The Jackal was a decent if not especially memorable 70s Spider foe who later became infamous when he (and his most famous storyline) were resurrected as the basis for the legendarily bad "Clone Saga". Warren is a science teacher who was nursing a crush on his student Gwen Stacy. When she was killed by the Green Goblin, he went nuts and invented cloning in order to bring her back to life by funding his experiments with crimes committed while disguised as a green jackal-man. I elaborated on what came next here. It actually makes a lot of sense for him to show up in this new movie series, given the emphasis on super science and the presence of Gwen Stacy.
Now THIS would be interesting. Ezekiel is an aging, wealthy businessman/philanthropist who has the same powers as Spider-Man, except he gained his through ritual totemic magic. In lengthy early-2000s story arc, Ezekiel tells Peter Parker that his spider-powers are magical, too; the radioactive spider meant to bite him and pass on these abilities. He helped Peter battle a series of Spider-Totem-hunting threats, but it turned out they were really after Ezekiel, who'd been trying to position Peter as a fall guy sacrifice. It's actually not quite as bad as it sounds, though a lot of bad story turns eventually spun out of it.
Silvermane is a mafia boss, who is later a slightly more interesting cyborg mafia boss. In his first appearance, he forced Curt Connors to synthesize a youth potion from a formula on an ancient tablet ... which winds up turning him into a baby, and then later an erratically aging adult requiring cybernetics to stay alive.
If you don't know who this is, you probably aren't reading this article.
Studio publicity doesn't always tell the truth, and actors are not always in the loop as to script/production decisions. In other words, even though it's been "denied," I'd still call this the most likely candidate.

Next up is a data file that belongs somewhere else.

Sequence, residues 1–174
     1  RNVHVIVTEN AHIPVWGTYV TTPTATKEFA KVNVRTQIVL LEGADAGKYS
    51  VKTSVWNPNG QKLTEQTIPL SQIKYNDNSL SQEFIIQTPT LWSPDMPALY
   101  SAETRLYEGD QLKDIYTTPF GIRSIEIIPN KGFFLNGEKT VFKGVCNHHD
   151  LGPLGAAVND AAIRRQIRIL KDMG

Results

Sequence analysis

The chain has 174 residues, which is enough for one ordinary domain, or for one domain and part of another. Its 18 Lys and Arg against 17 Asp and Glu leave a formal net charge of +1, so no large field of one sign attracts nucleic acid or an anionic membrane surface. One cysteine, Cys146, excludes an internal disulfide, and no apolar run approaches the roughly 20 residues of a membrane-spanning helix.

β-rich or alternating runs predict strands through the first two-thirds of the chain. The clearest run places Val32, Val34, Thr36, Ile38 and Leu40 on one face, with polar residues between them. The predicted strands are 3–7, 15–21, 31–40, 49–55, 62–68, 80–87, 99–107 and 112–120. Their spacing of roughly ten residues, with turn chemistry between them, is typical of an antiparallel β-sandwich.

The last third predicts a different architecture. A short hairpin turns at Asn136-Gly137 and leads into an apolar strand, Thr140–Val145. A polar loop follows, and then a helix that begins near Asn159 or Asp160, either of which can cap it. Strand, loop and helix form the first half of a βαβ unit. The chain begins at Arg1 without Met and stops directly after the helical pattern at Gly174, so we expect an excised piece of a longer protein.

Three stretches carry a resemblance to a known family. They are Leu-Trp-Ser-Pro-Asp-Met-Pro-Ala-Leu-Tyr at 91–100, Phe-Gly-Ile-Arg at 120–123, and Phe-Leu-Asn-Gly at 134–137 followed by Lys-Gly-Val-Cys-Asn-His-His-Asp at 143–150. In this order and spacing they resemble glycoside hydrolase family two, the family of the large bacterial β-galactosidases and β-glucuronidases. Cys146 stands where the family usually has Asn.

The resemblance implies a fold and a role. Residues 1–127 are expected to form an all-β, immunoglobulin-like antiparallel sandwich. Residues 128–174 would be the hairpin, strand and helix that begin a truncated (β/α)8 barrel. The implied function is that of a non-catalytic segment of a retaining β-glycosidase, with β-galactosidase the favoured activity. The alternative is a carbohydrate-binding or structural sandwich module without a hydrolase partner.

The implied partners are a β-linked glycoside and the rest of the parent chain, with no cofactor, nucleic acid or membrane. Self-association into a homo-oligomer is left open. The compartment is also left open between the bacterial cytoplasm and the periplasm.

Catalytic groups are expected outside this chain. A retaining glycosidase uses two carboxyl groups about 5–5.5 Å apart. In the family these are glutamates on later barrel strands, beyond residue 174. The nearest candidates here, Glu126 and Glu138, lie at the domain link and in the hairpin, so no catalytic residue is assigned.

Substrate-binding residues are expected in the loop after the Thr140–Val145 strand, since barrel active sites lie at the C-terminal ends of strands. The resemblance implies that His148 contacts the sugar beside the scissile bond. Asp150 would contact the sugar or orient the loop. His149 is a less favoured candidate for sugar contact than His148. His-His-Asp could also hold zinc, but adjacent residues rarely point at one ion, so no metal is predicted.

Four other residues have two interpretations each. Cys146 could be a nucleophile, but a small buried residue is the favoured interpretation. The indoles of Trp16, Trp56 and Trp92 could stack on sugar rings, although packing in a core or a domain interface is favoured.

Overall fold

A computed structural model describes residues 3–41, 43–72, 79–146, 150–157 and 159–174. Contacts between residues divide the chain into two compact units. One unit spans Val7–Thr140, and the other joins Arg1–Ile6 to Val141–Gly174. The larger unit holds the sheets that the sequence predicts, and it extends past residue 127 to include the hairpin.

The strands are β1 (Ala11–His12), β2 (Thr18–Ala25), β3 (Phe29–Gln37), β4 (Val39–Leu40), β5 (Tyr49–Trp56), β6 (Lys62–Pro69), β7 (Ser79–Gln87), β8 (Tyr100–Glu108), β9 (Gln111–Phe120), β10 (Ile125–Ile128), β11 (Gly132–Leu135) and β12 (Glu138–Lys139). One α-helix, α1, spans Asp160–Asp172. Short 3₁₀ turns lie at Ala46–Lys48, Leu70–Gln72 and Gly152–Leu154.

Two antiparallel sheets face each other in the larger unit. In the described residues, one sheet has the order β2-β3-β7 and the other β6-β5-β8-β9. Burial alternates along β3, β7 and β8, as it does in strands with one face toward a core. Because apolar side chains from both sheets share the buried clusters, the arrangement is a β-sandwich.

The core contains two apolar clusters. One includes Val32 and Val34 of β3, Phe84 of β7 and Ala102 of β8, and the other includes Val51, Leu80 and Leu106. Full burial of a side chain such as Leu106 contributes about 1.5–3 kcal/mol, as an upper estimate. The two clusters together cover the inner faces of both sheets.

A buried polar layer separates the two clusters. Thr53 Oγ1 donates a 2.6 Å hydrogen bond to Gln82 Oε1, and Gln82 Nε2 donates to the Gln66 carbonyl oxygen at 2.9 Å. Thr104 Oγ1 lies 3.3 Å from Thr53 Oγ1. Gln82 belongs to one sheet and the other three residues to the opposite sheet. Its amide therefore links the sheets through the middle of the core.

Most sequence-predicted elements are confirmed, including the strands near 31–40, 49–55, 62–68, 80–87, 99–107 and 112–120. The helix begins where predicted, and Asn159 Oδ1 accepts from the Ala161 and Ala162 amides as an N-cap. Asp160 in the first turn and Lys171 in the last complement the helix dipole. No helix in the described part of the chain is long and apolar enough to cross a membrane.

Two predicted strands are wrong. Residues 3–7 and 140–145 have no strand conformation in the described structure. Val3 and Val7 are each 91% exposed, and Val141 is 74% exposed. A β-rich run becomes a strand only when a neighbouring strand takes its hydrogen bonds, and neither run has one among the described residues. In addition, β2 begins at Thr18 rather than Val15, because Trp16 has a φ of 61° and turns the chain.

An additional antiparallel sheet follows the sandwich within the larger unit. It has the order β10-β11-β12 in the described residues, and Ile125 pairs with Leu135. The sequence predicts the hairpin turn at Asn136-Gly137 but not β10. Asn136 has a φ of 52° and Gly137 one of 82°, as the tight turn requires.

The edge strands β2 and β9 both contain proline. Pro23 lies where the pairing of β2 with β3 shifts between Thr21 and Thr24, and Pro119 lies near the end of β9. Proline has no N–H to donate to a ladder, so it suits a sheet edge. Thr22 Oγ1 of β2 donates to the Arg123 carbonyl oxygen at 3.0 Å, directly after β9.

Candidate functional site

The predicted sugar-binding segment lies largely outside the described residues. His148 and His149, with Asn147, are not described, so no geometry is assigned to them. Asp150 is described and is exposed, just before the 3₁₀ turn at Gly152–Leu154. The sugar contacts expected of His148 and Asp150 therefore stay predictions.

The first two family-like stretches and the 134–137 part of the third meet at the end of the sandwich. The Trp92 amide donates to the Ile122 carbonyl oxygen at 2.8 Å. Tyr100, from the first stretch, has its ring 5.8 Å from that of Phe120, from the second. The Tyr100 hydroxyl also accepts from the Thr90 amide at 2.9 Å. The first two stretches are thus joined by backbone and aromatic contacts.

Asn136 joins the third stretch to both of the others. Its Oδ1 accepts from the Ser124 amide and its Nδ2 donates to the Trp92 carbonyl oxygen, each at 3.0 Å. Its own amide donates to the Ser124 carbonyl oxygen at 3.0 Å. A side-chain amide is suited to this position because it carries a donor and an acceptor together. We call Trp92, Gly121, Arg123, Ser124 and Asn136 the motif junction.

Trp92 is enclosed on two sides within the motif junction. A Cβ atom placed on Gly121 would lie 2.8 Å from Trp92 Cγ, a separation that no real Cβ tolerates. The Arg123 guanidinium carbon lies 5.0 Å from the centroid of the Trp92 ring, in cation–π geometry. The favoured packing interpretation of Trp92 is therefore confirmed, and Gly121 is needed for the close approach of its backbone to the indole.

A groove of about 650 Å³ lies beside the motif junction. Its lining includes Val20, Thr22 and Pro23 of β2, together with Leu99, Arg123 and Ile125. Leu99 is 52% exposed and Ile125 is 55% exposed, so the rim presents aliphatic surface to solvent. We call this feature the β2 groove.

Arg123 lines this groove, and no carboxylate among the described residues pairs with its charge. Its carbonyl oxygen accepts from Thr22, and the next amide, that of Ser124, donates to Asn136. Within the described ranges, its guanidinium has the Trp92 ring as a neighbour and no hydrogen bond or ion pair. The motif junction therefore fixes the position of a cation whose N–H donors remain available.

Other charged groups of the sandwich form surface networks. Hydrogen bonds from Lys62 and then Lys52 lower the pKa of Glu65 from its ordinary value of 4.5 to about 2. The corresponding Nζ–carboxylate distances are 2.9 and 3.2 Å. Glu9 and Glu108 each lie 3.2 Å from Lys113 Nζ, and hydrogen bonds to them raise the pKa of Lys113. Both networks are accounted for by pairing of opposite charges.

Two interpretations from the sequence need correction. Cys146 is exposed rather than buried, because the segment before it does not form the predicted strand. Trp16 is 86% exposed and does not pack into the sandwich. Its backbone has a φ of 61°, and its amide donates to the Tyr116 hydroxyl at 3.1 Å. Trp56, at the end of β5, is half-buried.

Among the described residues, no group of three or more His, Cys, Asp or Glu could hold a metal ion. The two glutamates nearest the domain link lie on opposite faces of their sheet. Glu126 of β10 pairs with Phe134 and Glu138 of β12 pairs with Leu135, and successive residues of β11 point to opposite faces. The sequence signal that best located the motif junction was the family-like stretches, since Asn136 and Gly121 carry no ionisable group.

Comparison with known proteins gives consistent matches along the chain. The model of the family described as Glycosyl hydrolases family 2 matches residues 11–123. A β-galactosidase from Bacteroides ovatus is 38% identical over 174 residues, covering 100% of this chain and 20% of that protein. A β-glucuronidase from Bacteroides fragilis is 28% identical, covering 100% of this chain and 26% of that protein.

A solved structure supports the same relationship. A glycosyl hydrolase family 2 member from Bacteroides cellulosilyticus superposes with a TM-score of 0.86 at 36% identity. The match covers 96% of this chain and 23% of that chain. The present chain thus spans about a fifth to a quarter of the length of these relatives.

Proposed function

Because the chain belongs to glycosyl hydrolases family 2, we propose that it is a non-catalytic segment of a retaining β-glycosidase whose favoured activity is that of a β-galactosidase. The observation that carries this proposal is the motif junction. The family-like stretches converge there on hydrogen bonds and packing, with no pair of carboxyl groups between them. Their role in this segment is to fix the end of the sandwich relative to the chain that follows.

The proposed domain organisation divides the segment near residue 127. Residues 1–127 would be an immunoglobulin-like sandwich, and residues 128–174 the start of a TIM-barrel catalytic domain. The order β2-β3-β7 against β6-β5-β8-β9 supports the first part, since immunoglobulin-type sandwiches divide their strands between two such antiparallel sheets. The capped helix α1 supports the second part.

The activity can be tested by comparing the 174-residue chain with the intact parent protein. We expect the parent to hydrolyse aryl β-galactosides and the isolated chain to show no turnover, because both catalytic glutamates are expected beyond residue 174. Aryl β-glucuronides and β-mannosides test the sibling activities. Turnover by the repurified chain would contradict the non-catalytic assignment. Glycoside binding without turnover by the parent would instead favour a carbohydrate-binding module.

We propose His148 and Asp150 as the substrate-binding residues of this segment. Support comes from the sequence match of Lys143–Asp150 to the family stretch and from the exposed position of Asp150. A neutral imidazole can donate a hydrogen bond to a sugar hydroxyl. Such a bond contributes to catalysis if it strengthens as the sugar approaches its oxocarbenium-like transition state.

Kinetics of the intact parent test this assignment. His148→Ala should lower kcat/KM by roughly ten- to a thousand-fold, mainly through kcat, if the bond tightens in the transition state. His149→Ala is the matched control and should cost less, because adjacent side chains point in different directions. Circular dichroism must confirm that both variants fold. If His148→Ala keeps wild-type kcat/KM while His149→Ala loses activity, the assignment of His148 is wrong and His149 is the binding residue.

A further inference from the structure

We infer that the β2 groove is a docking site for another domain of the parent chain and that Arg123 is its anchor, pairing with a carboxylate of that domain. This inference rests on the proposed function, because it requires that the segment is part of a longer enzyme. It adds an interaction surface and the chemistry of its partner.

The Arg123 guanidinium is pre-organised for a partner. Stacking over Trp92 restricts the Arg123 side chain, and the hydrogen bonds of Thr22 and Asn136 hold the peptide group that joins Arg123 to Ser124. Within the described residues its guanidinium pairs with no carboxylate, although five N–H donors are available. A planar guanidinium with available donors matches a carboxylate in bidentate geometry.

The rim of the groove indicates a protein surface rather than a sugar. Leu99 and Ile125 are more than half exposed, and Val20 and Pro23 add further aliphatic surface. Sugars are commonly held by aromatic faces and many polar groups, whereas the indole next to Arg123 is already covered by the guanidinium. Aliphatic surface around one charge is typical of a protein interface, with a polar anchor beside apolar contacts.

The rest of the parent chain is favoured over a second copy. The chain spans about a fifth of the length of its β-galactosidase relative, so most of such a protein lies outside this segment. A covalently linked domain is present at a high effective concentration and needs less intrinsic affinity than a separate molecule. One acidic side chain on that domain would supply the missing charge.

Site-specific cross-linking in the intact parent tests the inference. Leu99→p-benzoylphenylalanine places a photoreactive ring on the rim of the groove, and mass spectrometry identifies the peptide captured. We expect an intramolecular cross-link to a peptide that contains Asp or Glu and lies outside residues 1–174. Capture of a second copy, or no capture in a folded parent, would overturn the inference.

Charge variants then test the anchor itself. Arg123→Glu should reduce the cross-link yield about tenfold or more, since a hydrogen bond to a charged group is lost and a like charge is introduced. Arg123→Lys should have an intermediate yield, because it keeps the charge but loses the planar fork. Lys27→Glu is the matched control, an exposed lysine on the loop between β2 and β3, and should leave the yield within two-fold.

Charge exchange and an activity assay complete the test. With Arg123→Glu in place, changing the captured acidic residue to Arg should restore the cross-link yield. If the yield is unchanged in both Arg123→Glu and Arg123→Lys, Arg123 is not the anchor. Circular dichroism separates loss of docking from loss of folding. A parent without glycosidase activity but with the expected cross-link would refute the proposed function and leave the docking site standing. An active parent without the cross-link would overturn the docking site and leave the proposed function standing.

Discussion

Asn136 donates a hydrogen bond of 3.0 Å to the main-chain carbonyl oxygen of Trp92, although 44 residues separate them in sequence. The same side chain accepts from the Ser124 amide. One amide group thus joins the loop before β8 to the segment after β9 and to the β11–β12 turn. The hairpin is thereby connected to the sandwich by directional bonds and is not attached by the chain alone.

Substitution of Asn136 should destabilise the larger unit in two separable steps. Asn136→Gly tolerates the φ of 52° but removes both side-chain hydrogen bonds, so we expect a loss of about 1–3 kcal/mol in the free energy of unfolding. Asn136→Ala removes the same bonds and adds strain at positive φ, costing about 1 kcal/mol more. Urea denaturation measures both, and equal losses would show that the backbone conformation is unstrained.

Hear me out on this one.
Something seems to be missing from The Amazing Spider-Man. Almost all of the trailers include a line of dialogue where someone (Connors?) asks Peter Parker if he thinks what happened was really an accident and if he knows what he "really" is. The whole re-imagined back story is all about setting up some conspiracy mystery in the deaths of Richard and Mary Parker, a conspiracy that Curt Connors, the rival OsCorp scientist played by Irfahn Kahn, all seem to have intimate knowledge of. And yet, none of it actually seems to involve any secret about Peter himself, and the "what you really are?" dialogue doesn't appear in the film. Also, Kahn's character vanishes midway through.
What happened? Well, according to web gossip as fresh as two months ago the film was originally going to make a much more dramatic change to Spider-Man's origins. Richard Parker would've been revealed to have tested the Secret Formula stuff on himself and passed the genetic-changes to his son Peter, and these already latent abilities would've been "activated" by the spider-bite. In other words, the same reworked origin from the Ang Lee Hulk movie.
The studio never confirmed or denied this rumor, but if it was there and hacked out at the last second (it's said that there were reshoots after test screenings) it explains an awful lot. The super science holy grail Connors and others are seeking on behalf of Osborn is the ability to successfully cross animal and human DNA, and while Connors can pull it off, he can't stabilize it - hence The Lizard. Peter, on the other hand, was able to absorb spider traits without turning into a Spider which, in the film, is never adequately explained. But if Peter is carrying the stabilizing agent in his own blood, that not only explains the powers but also gives cause for Osborn etc. to chase him down in the sequels.
Meanwhile, who knows what really became of Richard Parker, if he indeed tried the stuff on himself. If they were already going to snag the ill-advised genetic legacy business from Hulk, why not also steal the ill-advised "Hero's-Dad-as-Evil-Version-of-Hero" stuff as well?